2. That is sure good information. So far I haven't had a FIV cat. But thanks for that info. Have a great day.

  3. I'm shocked that a humane society would have such outdated information! Our rescue has been adopting out FIV+ since before I was volunteering with them (six years). We have great success with FIV+ cats and -- mostly -- we seem to have an increasingly educated public. We don't routinely test cats unless there's a medical (ie. non-thriving) reason to and we never test kittens. Though the shelter we work with sometimes does. We hate it because we have to reveal the results and the test is frequently inaccurate in kittens! I know I've fostered FIV+ cats but I'm not sure how many because I *don't pay attention* to it!! (BTW, our rescue forbid the use of the term "feline AIDS" a number of years ago!!!)

  4. A neighbor parroted back to me about an FIV pos stray that her vet told her to euthanize, which she did. Years ago, a dear friend euthanized a stray/feral bc of FIV pos. And my own friendly feral Sammy, whom I took to the vet for a dental, was tested for FIV, and when it came back positive, the vet assured me that his life was at its end anyhow. Yes, we euthanized Sammy. This is an excellent post; it cannot be said often enough...FIV positive is not a life sentence!

  5. Our shelter adopts out FIV cats like non-FIV cats, though we do educate the adopter as to what FIV means. What's frustrating now is that we had a state inspector come in and tell us that we have to house our FIV and FeLV cats separate from the others...even if they are in separate cages. Which is impossible for us to do because we just don't have the space. Sad that we have to keep educating people on this subject.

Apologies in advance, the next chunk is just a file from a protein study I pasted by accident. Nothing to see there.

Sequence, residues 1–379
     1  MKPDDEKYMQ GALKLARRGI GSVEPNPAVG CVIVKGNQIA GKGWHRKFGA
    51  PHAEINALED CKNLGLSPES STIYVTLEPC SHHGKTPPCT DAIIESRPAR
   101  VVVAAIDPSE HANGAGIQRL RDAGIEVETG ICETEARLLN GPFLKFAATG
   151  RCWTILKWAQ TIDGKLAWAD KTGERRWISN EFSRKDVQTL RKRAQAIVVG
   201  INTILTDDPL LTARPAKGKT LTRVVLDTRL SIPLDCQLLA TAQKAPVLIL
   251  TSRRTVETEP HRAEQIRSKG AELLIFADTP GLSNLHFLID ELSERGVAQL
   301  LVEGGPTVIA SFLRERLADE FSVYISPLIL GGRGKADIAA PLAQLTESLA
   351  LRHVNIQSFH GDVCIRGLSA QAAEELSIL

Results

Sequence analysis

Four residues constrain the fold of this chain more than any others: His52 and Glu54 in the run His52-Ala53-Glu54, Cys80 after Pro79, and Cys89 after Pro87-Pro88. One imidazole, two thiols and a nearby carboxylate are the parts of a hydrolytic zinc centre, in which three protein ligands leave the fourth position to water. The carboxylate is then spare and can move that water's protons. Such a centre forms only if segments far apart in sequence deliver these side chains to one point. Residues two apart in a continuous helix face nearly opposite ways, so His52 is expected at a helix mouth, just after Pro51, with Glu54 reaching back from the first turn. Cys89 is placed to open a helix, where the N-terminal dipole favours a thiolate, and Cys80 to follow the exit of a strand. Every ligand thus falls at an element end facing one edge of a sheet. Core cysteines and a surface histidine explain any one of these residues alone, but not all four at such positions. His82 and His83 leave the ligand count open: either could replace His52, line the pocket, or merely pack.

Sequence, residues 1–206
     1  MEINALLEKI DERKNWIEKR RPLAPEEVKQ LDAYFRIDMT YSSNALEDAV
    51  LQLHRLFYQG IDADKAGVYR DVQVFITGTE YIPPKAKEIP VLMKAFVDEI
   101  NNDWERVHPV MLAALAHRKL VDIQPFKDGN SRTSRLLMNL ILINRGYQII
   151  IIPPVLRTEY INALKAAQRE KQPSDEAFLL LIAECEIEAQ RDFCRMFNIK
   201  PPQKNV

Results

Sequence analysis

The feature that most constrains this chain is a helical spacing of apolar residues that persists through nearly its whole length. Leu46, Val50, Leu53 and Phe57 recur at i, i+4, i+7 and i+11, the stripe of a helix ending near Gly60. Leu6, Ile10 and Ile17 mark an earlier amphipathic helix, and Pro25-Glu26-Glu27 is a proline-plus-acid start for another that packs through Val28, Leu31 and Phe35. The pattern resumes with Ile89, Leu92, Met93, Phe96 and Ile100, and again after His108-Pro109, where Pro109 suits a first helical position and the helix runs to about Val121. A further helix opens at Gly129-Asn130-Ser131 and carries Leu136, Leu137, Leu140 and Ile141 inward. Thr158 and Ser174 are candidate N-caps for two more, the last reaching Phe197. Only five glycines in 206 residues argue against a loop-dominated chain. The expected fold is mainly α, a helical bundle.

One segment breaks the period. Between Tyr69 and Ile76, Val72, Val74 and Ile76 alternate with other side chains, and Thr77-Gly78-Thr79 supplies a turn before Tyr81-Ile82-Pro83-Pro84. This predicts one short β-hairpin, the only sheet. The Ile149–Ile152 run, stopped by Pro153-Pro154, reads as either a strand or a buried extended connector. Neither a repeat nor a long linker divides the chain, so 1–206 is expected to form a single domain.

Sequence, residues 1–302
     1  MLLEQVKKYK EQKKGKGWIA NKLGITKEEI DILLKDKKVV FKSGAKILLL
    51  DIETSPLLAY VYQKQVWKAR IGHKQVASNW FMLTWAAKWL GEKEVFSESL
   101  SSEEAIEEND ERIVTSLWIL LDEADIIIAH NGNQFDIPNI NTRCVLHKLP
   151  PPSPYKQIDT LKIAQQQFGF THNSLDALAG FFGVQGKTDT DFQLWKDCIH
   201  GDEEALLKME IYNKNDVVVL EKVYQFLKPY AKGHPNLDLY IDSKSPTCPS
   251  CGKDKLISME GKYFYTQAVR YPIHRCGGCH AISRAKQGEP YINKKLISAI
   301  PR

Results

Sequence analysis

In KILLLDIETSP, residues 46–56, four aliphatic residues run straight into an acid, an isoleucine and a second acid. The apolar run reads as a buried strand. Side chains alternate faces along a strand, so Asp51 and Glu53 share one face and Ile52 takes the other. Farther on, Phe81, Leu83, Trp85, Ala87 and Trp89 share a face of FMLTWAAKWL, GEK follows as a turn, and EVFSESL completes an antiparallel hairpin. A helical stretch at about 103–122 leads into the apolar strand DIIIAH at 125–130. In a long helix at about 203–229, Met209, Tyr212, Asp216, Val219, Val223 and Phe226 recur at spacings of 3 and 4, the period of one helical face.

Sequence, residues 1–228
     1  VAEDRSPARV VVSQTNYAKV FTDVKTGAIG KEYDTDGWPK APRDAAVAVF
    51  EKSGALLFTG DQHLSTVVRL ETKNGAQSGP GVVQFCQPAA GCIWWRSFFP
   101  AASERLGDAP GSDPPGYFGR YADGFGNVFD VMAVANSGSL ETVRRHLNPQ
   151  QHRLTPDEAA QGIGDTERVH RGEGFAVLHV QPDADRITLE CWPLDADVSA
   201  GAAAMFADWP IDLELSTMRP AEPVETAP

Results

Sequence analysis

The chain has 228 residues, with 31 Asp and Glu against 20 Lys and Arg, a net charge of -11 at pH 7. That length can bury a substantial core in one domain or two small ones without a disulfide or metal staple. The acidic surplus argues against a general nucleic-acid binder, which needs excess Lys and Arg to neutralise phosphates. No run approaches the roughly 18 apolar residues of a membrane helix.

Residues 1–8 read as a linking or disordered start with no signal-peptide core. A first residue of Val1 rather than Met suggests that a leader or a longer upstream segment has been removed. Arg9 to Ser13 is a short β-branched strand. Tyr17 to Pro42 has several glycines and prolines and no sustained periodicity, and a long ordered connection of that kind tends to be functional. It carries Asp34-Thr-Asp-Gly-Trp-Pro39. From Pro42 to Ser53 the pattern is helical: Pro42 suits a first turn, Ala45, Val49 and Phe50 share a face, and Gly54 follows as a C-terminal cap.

6. This is a great post, thank you for getting the right info out there!

  7. Great post. To be honest I can't answer any of your questions. I assume our Humane society tests and three of my cats (Sasha, Silver & Sami) came from them. The other three were from litters, Shady and Silas were born on my brother's farm when the previous owners left the cat behind. Saku was born in a small town my daughter taught in so those three were never tested, unless the vet did so when I took them in to be spayed/neutered. I certainly don't recall being told anything.

  8. I've put this on Facebook, too:

    I took my Raleigh in a year ago. He was living outside and looked so bedraggled, I thought he was at least middle-aged. One eye was oozing reddish goop, his fur was matted and coarse, he feared everything - and he was FIV-positive. On top of that, he has stomatitis. It turns out he was just two, and now, his eye has cleared up, he has an excellent appetite, he plays, he’s friendly, and he gets along with my other cats - and I don’t worry about him spreading his FIV. His mouth is in very good shape, and he is a cheerful cat. With a decent diet, an inside life and care exercised to watch over his health, an FIV-positive cat can live a long and happy life.

  9. how long did our catster pal Gleek live.....and with how many other cats both in KY and AZ ~~~~~~~~~~~~


    1. sorree we hada moe mint ther N hit post bee for we went on a tie raid... ♥♥♥

  10. So much misinformation out there. Thank you for setting the record straight.

  11. Wow, there is still so much to be done as far as educating people!

  12. You tell them! The misinformation is real and dangerous. And if I hear Feline AIDS one more time....

  13. Great post, Jeanne! This is really important stuff, and I'm so glad you are one of the champions helping to get the REAL truth out there.